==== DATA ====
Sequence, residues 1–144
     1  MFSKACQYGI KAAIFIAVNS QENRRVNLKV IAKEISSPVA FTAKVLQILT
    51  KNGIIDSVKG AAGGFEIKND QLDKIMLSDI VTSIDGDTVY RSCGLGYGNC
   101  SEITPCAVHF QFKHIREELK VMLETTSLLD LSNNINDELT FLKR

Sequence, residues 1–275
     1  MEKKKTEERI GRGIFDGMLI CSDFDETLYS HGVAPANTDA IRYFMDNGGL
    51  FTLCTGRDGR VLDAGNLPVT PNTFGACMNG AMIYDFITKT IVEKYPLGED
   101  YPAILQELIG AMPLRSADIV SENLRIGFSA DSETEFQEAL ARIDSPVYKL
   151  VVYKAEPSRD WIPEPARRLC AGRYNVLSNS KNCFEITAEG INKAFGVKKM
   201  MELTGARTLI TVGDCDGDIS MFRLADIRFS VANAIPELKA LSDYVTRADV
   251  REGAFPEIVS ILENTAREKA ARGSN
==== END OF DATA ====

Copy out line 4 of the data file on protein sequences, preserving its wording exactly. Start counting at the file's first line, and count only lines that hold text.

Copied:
   101  SEITPCAVHF QFKHIREELK VMLETTSLLD LSNNINDELT FLKR